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You should spend about 20 minutes on Questions 1-13 which are based on Reading Passage 1 below.


The swine flu pandemic has become more problematic. The White House will meet with state representatives on the 9th of July to talk about the preparation for the autumn flu season in the US, whilst the UK has focused their response on the H1N1 virus to cope with widespread infection.

In the meantime, the southern hemisphere is going into the middle of the winter flu season, and the swine H1N1 virus seems to be replacing the seasonal flu viruses that have been circulating until now. This is related to the seasonal flu vaccine which several companies are still producing. It could cause some problems when the northern hemisphere flu season comes at the end of this year.

The flu pandemics of 1918, 1957 and 1968 showed a high level of seasonal change and also released mild form of the H1N1 virus which circulates through the existing flu virus, H3N2. So, nobody knows how the H1N1 virus is going to behave. If it is not exchanged with the seasonal virus – the milder H1N1 and H3N2 – the world is facing the prospect of catching all three viruses at once. It would be a complicated scenario, as both seasonal and pandemic vaccines would be wanted and patients from different age groups would be affected. Although based on what is happening in the southern hemisphere, it does not seem that this will be the case.

In the northern hemisphere, swine flu has spread to the extent that over 98% of flu cases genotyped in the US towards the end of June were caused by the pandemic virus. This is to be expected. Whilst the seasonal flu viruses generally die out during the summer season, the pandemic virus can be more powerful as fewer people have built up immunity to it.

The state of Victoria in Australia reported this week that the H1N1 virus is now considered for 99% of all flu cases. There are reports of a similar situation in South America. In Chile, the H1N1 virus is also much stronger than other seasonal viruses. “98% of the flu cases we now take are caused by H1N1,” Jeanette Vega, Chile’s undersecretary of public health, said last week about a pandemic peak in Cancun, Mexico. “The seasonal vaccine is not used.”


In the Argentine capital Buenos Aires, Juan Manzur, the health minister, reported last week about the emergency situation in that 90% of the flu is a result of the H1N1 virus.

During this winter in the northern hemisphere, it is an important matter. “If the pandemic virus greatly attacks the seasonal viruses in a regular flu season, the seasonal viruses are likely to be exchanged by the new virus, like in the 1968 pandemic,” says Ab Osterhaus in the University of Rotterdam in the Netherlands.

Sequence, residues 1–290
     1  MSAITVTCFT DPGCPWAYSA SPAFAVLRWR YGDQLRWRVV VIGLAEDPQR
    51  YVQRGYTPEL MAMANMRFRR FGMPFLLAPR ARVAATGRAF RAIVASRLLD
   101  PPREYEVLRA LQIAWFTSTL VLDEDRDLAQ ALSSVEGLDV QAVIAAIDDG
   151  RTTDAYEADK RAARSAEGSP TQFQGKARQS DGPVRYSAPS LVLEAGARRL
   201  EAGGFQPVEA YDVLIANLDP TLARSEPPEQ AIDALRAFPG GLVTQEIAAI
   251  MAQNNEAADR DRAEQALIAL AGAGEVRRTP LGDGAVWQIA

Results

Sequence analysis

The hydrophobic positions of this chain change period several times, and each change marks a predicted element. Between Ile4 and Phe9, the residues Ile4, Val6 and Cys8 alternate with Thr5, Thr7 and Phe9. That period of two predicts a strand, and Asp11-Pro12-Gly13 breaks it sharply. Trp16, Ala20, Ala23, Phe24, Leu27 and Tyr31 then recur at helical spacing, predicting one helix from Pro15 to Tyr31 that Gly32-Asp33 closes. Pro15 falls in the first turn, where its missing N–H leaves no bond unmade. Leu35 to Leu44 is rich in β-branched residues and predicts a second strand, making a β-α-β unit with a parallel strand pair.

In previous pandemics, the virus has changed, producing negative side effects. So far for H1N1, there have only been a few ominous signs.

The mutation of the virus’s polymerase enzyme has been replicated efficiently from a sample taken in Shanghai. Ron Fouchier at the University of Rotterdam says that this could spread if it makes the virus more contagious, but the virus may also improve pathogenicity.

Also last week, two cases of the H1N1 virus with resistance to the main antiviral drug, Tamiflu, were found in people using the drug. Another was found in a girl who had never taken the drug, suggesting Tamiflu – resistant to the H1N1 virus might already be in circulation.




Questions 1-9

Complete the summary below.

Choose NO MORE THAN THREE WORDS from the passage for each answer.

Write your answers in boxes 1-9 on your answer sheet.


There is currently a severe problem of 1…………………………… in the world, especially both the US and the UK are making strenuous efforts to solve the problem.

In the meantime, during the middle of winter flu season, 2……………………………. is likely to substitute the seasonal flu viruses in the southern hemisphere. Also, over 98 per cent out of flu cases genotyped in the US were generated by 3……………………….. Whilst seasonal flu viruses usually fade away in 4……………………….., the pandemic virus has the advantage that few people have immunity to it.

There are reports that the H1N1 virus accounts for more than 90 per cent of all flu cases in countries, such as 5………………………….., 6…………………………… and 7……………………………

According to Ab Osterhaus, 8…………………………… in a regular flu season can be replaced by the pandemic virus. A new virus was found to be resistant to the antiviral drug, 9………………………….




Questions 10-13

Do the following statements reflect the claims of the writer in Reading Passage 1?

In boxes 10-13 on your answer sheet, write

YES                  if the statement reflects the opinion of the writer

NO                   if the statement contradicts the opinion of the writer

NOT GIVEN    if it is impossible to say what the writer thinks about this


10   The UK and the US had discussed and worked together on the swine flu pandemic in the past.

11   Over 98 per cent of flu cases in the US was motivated by the pandemic virus.

12   In Argentina, 60 per cent of the flu virus in circulation is the H1N1 virus.

13   Tamiflu is the crucial antiviral medicine which is resistant to the H1N1 virus.




You should spend about 20 minutes on Questions 14-28 which are based on Reading Passage 2 below. 

Mission to Collect Materials on the Moon


Whilst the world watched in excitement as Neil Armstrong and Buzz Aldrin landed on the moon, planetary scientists were focused on something else. For them, the value of the mission was is the cargo they brought back to earth. By the time Armstrong and Aldrin climbed into the lunar module for the last time, they had gathered 22 kilograms of moon rocks, completely filling a small suitcase. Over five Apollo crews brought back a total collection of 382 kilograms of material containing 2,200 samples.


The rocks were known at the time as a scientific treasure and they did not disappoint. Paul Spudis, a geologist of the Lunar and Planetary Institute in Houston, Texas, said, “Our ideas about planetary formation and evolution must be rewritten after the discoveries made by the Apollo crews.” Harold Urey, a Nobel prizewinner, and one of the advocates of lunar exploration had predicted that the moon was composed of primitive meteoritic material. But his conclusion was wrong. Some of the rocks looked just like the rocks on earth.